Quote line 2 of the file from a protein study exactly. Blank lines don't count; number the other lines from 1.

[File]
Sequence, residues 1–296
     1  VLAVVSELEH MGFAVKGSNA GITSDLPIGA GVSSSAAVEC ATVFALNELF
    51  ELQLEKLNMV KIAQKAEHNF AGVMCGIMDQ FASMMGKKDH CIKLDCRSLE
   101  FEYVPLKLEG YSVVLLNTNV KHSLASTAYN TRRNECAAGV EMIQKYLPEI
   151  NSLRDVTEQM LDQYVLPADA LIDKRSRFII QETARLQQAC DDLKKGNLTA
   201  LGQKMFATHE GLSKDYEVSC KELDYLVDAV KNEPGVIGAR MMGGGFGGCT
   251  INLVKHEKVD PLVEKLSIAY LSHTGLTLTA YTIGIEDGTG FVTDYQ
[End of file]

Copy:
     1  VLAVVSELEH MGFAVKGSNA GITSDLPIGA GVSSSAAVEC ATVFALNELF